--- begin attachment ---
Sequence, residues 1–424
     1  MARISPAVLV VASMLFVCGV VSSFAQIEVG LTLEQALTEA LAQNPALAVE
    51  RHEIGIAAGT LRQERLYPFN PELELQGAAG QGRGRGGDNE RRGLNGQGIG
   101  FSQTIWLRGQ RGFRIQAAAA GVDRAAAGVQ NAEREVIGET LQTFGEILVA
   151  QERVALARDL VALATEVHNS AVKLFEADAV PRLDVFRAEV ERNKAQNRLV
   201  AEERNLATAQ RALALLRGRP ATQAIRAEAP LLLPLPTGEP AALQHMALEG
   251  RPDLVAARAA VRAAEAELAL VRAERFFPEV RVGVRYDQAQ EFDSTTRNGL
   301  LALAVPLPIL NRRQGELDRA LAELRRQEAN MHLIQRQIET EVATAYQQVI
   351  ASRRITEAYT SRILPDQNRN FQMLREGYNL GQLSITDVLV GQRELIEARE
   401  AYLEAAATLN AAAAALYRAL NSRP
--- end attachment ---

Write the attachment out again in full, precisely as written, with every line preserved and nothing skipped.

Sequence, residues 1–424
     1  MARISPAVLV VASMLFVCGV VSSFAQIEVG LTLEQALTEA LAQNPALAVE
    51  RHEIGIAAGT LRQERLYPFN PELELQGAAG QGRGRGGDNE RRGLNGQGIG
   101  FSQTIWLRGQ RGFRIQAAAA GVDRAAAGVQ NAEREVIGET LQTFGEILVA
   151  QERVALARDL VALATEVHNS AVKLFEADAV PRLDVFRAEV ERNKAQNRLV
   201  AEERNLATAQ RALALLRGRP ATQAIRAEAP LLLPLPTGEP AALQHMALEG
   251  RPDLVAARAA VRAAEAELAL VRAERFFPEV RVGVRYDQAQ EFDSTTRNGL
   301  LALAVPLPIL NRRQGELDRA LAELRRQEAN MHLIQRQIET EVATAYQQVI
   351  ASRRITEAYT SRILPDQNRN FQMLREGYNL GQLSITDVLV GQRELIEARE
   401  AYLEAAATLN AAAAALYRAL NSRP